And if you’re climbing, chances are you’ll need to come downhill. And this is where wider tyres come into their own.
When you’re just riding along, a skinnier tyre will experience more tyre deflection.
“What is tyre deflection?”
I’ll leave the folks at Schwalbe and Continental to explain. (They have a great explanation here.)
The answer to this question lies in tire deflection. Each tire is flattened a little under load. This creates a flat contact area.
At the same tire pressure, a wide and a narrow tire have the same contact area. A wide tire is flattened over its width whereas a narrow tire has a slimmer but longer contact area.
The flattened area can be considered as a counterweight to tire rotation. Because of the longer flattened area of the narrow tire, the wheel loses more of its “roundness” and produces more deformation during rotation. However, in the wide tire, the radial length of the flattened area is shorter, making the tire “rounder” and so it rolls better.
What about rims?
If you ride wider tyres, you’ll probably need to step up your rim size.
I predominantly ride Durace clinchers which are 20.8mm wide. These rims accommodate 24c and you can go wider, but you’ll get some issues.
I seemed to get a fair few punctures using 25c tyres on these rims. After switching to 23c rims (Hson Plus Ones from XLR8 wheels below), I’ve had no problems.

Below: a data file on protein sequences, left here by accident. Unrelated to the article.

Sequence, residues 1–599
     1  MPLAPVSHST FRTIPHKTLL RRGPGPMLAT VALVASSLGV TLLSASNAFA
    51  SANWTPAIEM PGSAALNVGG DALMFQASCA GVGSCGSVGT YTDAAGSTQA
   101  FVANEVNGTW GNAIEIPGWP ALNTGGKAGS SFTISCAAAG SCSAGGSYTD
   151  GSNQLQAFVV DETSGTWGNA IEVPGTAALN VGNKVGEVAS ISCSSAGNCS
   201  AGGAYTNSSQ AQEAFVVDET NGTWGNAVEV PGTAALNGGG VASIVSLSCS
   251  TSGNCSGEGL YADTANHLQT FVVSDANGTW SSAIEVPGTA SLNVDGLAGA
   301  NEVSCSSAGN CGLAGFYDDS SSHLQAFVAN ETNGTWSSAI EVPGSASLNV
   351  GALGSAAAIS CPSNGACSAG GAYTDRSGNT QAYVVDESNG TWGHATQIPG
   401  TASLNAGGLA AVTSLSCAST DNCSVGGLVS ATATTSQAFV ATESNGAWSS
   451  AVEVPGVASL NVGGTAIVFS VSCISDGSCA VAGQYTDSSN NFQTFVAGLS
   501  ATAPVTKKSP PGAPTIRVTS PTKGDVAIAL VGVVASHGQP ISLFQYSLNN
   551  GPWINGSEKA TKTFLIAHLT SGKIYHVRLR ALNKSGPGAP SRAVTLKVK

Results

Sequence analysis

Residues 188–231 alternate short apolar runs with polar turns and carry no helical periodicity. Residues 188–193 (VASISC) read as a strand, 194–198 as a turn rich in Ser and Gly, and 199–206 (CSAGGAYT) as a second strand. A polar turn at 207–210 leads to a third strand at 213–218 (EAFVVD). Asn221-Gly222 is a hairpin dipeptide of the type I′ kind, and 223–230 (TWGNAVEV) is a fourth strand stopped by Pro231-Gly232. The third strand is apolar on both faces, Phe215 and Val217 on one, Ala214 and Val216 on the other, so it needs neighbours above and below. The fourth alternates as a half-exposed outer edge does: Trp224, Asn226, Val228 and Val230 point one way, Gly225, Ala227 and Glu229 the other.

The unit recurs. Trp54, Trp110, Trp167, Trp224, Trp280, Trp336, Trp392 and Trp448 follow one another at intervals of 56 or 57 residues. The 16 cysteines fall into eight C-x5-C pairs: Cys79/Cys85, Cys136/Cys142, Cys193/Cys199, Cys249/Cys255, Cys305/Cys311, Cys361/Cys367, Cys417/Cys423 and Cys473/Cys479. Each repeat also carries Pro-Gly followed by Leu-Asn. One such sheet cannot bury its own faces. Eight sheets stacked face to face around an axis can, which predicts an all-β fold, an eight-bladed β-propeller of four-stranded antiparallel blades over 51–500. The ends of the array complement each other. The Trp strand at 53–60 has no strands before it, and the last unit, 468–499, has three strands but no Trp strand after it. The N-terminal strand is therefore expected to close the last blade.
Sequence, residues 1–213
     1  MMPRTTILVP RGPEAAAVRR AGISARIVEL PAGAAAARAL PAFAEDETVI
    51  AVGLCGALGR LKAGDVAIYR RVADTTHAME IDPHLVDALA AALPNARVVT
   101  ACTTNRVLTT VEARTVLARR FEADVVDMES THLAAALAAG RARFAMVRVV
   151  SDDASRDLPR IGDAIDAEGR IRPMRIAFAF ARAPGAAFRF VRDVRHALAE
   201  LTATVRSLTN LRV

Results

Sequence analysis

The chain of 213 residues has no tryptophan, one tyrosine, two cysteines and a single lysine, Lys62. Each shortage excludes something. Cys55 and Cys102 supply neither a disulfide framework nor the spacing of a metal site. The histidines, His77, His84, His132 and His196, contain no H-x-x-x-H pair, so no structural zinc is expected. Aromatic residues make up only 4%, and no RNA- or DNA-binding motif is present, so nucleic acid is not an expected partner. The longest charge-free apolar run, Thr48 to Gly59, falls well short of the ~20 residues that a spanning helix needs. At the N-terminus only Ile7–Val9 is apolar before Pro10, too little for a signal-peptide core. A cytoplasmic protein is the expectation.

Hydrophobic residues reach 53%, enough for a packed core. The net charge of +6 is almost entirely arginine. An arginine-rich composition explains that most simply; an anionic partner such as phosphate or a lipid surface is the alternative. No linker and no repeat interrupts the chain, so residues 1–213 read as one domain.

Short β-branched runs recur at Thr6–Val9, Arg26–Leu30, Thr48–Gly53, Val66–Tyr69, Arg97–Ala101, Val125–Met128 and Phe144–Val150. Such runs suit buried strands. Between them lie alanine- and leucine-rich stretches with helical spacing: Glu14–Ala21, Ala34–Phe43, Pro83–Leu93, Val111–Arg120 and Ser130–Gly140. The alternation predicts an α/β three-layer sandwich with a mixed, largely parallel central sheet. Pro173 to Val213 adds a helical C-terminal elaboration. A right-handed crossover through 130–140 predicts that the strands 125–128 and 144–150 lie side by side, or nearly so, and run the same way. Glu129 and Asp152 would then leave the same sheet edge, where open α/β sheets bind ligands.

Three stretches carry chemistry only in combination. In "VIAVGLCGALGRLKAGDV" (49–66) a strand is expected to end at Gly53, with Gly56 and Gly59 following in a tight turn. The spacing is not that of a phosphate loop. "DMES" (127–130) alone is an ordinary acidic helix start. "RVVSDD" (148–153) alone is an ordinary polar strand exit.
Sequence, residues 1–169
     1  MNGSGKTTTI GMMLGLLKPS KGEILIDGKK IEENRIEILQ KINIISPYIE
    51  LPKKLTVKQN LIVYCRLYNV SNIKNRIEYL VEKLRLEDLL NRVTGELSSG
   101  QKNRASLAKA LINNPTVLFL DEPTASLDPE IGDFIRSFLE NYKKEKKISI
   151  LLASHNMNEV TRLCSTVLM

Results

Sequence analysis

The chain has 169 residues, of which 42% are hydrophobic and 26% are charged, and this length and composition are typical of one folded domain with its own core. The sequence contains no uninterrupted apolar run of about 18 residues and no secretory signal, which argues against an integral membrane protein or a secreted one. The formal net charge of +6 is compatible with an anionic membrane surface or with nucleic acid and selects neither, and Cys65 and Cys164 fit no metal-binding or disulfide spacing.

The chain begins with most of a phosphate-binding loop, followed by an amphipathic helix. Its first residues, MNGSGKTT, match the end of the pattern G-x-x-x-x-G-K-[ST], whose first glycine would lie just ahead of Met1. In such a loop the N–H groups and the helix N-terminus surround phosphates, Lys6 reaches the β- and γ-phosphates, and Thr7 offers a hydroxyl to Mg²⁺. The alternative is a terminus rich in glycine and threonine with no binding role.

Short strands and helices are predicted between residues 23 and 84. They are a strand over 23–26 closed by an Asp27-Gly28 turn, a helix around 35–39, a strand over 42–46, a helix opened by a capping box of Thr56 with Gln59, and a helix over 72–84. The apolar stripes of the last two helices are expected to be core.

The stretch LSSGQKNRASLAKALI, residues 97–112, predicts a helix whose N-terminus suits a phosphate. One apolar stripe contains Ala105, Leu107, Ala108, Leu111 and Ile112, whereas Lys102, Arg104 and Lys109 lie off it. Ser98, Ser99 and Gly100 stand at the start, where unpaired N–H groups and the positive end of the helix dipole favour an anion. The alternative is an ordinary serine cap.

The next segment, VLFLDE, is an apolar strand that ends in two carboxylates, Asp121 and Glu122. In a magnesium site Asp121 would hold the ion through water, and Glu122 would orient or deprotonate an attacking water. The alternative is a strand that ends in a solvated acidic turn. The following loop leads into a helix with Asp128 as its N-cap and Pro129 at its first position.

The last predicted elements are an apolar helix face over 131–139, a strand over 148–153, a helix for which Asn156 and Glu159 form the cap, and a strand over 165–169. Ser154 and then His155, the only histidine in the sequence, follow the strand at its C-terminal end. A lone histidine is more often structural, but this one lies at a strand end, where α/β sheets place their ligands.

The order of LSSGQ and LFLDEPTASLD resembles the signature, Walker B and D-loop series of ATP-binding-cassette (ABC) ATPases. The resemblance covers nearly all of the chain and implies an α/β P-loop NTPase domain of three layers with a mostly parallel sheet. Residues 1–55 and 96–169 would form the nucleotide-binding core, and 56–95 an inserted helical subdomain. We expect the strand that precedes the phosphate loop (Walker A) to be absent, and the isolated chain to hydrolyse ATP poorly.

Josh at XLR8 wheels explains what happens when you put wider tyres on skinny rims.
Basically, with wider tyres and skinny rims, you’ll get tyre distortion or squirm. Get 23mm or 24mm rims and you’ll get more tyre onto the road, and also have stronger rims. You’ll also be able to ride 28c tyres.
Should I ride wider tyres?
Wider tyres are gaining wider acceptance in the wider cycling community and peloton.
For some reason they have spent years as the tyre-pariah, but now, they make a well-deserved return.
- If you want a more assured bike underfoot for epic descents (HINT: Etape, Marmotte, Alps, Pyrenees, your local hills), get some wider wheels and shed them in 25c or 28c tyres.
- If you want a smoother, more supple ride, perhaps because you live on roads that could more aptly be described as goat tracks, ride wider tyres.
- If you only ride silky smooth roads and every gram counts for you on climbs and you are a majorly awesome descender, ride your 19s.
- If you want tyres for TTs, go skinnier
What about tubeless?
We’ll talk about tubeless in another post.